DEBBIE ABRAHAM, for The Columbian

If you go to a lot of meetings -- and I do -- you get to hear a wide variety of speakers delivering information on a mind-numbing array of topics. Some of these meetings can put you in a haze. For entertainment, I like to watch others try not to fall asleep, then jolt awake.

But often enough, you come across things that are truly informative. One such thing came up at a Neighborhood Associations Council of Clark County meeting last month. Organizers would like you to know about a gem of a program: Ground Equipment Maintenance. (Adds up to GEM -- too cute, huh?)

The front end of the moniker is Southwest Washington Interagency Cooperative. But SWIC doesn't quite reach cute.

The GEM program works kind of like this: Imagine your neighborhood had a lot of lawn work to do. You all needed (wanted) that expensive edger, a thatcher, a power washer, a lawn mower like they have at the golf courses.

Instead of each of your neighbors buying this expensive and barely used equipment, you pull together and share the equipment that each of you own. Maybe you even come together to jointly purchase new equipment. You could then come up with a cute acronym for your system, like GEM, and I would write a column about you.

Essentially, this is what public agencies in our region have done.

Recognizing that they face shrinking budgets against the rising cost of specialized equipment, local agencies started working together to share their resources and save every organization -- not to mention the taxpayers who fund them a ton of money.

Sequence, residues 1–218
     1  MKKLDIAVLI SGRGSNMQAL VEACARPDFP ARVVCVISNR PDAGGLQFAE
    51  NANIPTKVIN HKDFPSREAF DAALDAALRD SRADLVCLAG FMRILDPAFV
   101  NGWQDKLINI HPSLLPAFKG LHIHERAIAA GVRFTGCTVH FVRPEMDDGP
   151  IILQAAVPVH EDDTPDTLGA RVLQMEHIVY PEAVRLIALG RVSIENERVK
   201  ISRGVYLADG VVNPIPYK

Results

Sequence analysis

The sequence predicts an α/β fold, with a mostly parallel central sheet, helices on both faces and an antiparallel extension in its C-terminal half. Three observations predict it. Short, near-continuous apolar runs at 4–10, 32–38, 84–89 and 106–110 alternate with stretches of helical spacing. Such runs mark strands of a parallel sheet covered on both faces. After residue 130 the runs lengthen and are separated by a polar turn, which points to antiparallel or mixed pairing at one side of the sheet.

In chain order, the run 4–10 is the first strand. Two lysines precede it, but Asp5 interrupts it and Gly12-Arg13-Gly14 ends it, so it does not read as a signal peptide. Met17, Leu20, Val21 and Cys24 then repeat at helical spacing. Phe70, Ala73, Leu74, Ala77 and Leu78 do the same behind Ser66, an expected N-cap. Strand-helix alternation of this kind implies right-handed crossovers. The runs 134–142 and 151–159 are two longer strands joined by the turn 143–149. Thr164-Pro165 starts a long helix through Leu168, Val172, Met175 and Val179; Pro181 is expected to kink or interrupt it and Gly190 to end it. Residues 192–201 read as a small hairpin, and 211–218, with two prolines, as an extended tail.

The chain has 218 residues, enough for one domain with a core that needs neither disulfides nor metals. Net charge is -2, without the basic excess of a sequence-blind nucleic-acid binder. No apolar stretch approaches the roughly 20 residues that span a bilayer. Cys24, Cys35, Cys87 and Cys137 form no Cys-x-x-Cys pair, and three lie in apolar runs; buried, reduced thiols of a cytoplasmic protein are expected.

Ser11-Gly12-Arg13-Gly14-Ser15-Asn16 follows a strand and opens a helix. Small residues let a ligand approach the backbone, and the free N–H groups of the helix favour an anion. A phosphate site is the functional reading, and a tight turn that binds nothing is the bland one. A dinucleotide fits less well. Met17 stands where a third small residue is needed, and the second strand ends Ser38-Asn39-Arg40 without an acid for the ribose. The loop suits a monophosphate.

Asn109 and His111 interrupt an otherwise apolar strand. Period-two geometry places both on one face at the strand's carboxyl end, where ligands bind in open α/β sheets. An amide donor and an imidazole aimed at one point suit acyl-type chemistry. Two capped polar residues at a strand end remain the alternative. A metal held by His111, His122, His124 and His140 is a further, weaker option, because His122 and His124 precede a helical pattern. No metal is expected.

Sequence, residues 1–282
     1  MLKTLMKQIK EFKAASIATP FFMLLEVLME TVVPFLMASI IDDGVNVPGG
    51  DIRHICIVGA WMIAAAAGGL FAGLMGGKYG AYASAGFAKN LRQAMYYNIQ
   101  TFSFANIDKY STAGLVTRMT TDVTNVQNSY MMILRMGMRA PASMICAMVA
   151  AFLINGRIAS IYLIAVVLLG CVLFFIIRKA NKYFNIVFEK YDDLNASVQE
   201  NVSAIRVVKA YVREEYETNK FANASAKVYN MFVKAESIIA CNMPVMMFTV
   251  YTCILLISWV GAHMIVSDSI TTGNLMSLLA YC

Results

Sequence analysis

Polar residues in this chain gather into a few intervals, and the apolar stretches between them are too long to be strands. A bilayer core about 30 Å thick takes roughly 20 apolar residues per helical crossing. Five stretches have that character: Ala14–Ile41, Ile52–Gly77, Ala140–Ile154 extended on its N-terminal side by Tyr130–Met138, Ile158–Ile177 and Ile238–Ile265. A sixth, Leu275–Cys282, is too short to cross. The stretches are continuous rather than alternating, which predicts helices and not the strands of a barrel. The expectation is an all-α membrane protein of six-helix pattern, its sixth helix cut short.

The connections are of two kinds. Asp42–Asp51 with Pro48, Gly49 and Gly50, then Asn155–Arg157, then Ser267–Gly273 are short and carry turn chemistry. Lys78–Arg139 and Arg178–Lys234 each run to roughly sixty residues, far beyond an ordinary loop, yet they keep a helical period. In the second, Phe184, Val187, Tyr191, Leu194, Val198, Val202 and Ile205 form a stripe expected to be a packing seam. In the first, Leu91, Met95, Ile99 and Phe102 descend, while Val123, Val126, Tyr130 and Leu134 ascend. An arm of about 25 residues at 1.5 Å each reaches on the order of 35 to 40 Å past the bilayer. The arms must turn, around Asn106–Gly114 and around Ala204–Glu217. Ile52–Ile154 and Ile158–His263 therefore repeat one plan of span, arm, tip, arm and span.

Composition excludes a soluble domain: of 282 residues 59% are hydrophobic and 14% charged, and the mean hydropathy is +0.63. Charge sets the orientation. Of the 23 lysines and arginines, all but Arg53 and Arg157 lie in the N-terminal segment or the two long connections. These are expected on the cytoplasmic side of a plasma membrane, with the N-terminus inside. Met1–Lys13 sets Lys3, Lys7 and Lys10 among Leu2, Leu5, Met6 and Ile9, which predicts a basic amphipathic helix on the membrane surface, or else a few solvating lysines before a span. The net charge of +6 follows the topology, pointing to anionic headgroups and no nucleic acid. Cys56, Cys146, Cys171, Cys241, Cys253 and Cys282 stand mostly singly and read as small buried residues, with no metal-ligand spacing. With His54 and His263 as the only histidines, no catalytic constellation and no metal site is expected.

Starting informally in 1993, GEM has grown to involve dozens of agencies who trade equipment and services, contract work jointly for better pricing and work together to save as much money as possible. GEM also provides a network for individuals who would not normally get together to share information and tips to save even more money.

Imagine the repair shop you would need for a fire truck or those huge snowplows. Then think about how many agencies we have here in Clark County that each need to have a repair shop. It certainly makes a ton of sense to have one that does all the work with all the specialized equipment rather than a dozen or so separate facilities.

C-Tran has painting equipment for their big buses and shares the facilities with other agencies with big vehicles needing paint. The cost to C-Tran? Minimal. The savings to other agencies? Maximal. Taxpayers save millions.

Another significant savings comes from the Northwest Regional Training Center. All sorts of government agencies need to conduct specialized health and safety training that is required by law. Instead of having the sheriff's office, the fire districts and scads of other agencies recreate the wheel with their own systems -- at huge expense -- one program does it all.

The Washington Department of Transportation, Clark Public Utilities, C-Tran, school and fire districts, Clark County cities, the Washington State Patrol and various other agencies all belong to the training program.

Black hole myths

Critics often create this notion that our tax dollars get sucked into a governmental black hole mismanaged by corrupt and inept bureaucrats -- as though we don't benefit from street lights that work, schools that do a fine job of educating our kids, roads that function remarkably well despite being hugely under funded and a justice system that generally keeps us safe, criminals at bay and court cases moving.

Most tax dollars are spent judiciously. Most maligned 'bureaucrats' do their best with restrained resources. I always challenge critics to tell me specifically which programs should be cut and which positions eliminated. Usually they grumble that everyone knows there is nothing but waste in government and imply I am naive (or stupid) to believe otherwise.

But when you come across a GEM like this one, you realize these bureaucrats are taxpayers like the rest of us and are looking to save their tax dollars, too.

Debbie Abraham lives with her family in Felida. She is a community activist and member of the Vancouver-Clark Parks and Recreation Advisory Commission. Her e-mail address is

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